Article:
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Wait 'til Next Year
JOE SHEEHAN
September 28, 2009
The free-agent gold mine is in the class of 2010, but if you do insist on entering this year's market ... beware
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September 28, 2009

Wait 'til Next Year

The free-agent gold mine is in the class of 2010, but if you do insist on entering this year's market ... beware

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With most of the drama rapidly leaking from the regular season, it's a good time to take a look at the postseason drama to come. No, not the playoffs, but the annual orgy of ill-spent dollars to come in the free-agent market. This year's crop is among the weakest in memory, with no true superstars and little depth. It brings to mind the advice of Joshua, the sage computer from the movie WarGames: The only winning move is not to play. For those who choose to ignore this counsel, here's what they're getting into.

THE CREAM

John Lackey, Angels By far the best arm available, Lackey has bounced back from an elbow strain, averaging more than seven innings a start since getting ejected one batter into his season debut on May 16. He has five straight seasons with an ERA below 4.00 and a career strikeout-to-walk ratio above 3 to 1, as well as a big-game rep. The drop-off from Lackey, 30, to the field is huge, so he'll have plenty of suitors.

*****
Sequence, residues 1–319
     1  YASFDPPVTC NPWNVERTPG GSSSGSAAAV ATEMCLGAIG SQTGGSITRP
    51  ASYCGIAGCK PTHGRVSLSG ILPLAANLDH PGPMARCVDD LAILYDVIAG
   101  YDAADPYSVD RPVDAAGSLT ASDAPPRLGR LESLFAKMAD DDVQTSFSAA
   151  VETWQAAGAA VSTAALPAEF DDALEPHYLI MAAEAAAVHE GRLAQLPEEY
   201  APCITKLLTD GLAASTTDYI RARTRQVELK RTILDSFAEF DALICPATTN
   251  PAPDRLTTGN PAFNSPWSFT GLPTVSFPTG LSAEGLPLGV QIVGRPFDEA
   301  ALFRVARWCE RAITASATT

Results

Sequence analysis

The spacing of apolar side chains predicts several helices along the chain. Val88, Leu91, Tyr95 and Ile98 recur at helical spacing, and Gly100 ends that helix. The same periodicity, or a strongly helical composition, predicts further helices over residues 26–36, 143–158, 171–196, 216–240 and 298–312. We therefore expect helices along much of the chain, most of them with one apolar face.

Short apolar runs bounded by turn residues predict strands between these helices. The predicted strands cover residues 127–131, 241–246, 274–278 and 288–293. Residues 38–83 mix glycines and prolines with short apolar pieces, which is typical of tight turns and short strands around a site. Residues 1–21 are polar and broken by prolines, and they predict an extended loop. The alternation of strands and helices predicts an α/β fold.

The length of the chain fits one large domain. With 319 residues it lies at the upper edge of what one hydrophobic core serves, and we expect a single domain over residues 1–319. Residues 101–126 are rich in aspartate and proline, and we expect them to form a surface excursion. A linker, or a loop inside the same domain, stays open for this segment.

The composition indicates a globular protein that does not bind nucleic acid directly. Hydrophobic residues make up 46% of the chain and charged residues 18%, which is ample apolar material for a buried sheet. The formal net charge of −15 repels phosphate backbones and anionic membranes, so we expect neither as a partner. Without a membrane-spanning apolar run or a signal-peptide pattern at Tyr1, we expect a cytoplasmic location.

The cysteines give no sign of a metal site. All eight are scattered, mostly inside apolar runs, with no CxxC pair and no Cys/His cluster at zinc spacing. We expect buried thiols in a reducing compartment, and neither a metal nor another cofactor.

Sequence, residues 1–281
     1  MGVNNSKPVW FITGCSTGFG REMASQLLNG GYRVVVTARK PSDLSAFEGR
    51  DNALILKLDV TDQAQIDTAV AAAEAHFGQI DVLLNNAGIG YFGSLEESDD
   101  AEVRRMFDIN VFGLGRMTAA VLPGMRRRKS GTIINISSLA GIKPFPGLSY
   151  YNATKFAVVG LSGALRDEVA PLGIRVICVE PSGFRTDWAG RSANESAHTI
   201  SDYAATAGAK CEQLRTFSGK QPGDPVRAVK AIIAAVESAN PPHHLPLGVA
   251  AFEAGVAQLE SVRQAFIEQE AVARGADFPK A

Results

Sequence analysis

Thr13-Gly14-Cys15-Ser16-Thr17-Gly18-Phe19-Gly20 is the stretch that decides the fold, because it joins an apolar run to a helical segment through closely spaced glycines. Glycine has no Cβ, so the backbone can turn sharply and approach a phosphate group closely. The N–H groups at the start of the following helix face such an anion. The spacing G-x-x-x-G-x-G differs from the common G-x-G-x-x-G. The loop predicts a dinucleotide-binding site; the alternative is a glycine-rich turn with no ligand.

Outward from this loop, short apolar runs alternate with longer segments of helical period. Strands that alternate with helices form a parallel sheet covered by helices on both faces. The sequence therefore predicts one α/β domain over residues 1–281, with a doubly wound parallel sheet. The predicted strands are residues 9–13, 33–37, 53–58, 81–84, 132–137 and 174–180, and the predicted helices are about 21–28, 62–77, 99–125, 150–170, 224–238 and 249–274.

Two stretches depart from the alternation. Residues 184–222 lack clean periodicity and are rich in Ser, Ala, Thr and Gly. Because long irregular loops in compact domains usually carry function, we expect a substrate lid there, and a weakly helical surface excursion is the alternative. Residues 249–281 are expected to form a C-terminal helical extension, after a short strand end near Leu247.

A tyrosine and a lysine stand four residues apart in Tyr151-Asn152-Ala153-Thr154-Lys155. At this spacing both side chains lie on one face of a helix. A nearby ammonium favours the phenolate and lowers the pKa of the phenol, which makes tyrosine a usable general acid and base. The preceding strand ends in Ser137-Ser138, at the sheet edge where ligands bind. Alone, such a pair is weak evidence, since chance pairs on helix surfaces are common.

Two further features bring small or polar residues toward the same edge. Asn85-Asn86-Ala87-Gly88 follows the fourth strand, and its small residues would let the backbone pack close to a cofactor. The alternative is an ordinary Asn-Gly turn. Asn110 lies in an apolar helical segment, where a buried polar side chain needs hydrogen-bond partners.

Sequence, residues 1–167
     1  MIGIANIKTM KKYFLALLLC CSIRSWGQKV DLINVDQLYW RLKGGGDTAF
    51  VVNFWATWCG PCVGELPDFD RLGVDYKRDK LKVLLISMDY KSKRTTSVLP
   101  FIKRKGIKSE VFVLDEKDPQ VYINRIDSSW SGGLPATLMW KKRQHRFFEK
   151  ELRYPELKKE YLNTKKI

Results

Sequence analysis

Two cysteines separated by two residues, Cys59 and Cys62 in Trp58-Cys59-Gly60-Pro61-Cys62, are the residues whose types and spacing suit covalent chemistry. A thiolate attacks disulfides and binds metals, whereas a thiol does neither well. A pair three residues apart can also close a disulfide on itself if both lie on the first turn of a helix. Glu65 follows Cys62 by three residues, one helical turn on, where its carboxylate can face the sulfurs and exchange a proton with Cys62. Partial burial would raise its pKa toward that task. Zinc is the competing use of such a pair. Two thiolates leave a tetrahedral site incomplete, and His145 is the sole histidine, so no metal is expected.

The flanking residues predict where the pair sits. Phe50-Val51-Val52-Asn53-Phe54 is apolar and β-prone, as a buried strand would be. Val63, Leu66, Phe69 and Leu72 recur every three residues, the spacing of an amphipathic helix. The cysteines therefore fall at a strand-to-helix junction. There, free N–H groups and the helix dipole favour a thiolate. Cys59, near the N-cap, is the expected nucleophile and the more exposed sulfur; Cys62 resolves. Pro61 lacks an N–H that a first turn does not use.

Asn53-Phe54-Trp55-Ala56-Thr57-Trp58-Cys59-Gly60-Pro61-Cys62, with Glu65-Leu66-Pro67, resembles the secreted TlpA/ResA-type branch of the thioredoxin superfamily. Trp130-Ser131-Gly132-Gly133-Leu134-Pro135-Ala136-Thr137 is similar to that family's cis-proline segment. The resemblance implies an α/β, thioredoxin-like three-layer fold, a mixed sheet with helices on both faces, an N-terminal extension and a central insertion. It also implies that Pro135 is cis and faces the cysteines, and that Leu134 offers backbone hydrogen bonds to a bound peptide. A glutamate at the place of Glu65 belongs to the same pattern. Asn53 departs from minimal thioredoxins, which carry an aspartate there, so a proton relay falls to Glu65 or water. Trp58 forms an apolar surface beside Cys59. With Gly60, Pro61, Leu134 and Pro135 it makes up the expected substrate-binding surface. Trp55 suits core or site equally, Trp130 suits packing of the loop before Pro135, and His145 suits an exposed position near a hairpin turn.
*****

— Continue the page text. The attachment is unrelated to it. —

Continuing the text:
Matt Holliday, Cardinals His big second half in a pennant race has addressed concerns about his value outside Coors Field. Holliday, 29, hits for average and power, draws walks and plays a decent leftfield. He and Jason Bay are close enough in value that they could have a standoff this winter, with each waiting for the other to sign to set a price.

Also: Bay, Red Sox OF; Chone Figgins, Angels 3B; Jose Valverde, Astros closer.

YOU AGAIN?

Last year's buyers' market led to a number of quality free agents signing one-year deals, putting them back out there this winter.

Bobby Abreu, Angels His skills remain intact, except that he's now good for about 15 homers rather than the 30 he hit at his peak. His plate discipline (. 394 OBP) has been a big part of the Angels' improved offense. Even at 35, he's a low-risk addition.

Orlando Hudson, Dodgers The consistent second baseman (below) avoided the freak injuries that curtailed his last two seasons to turn in his fourth straight above-average year. Like Abreu, he contributes across the board, bringing defensive prowess at a key position.

Also: Russell Branyan, Mariners 1B; Orlando Cabrera, Twins SS.

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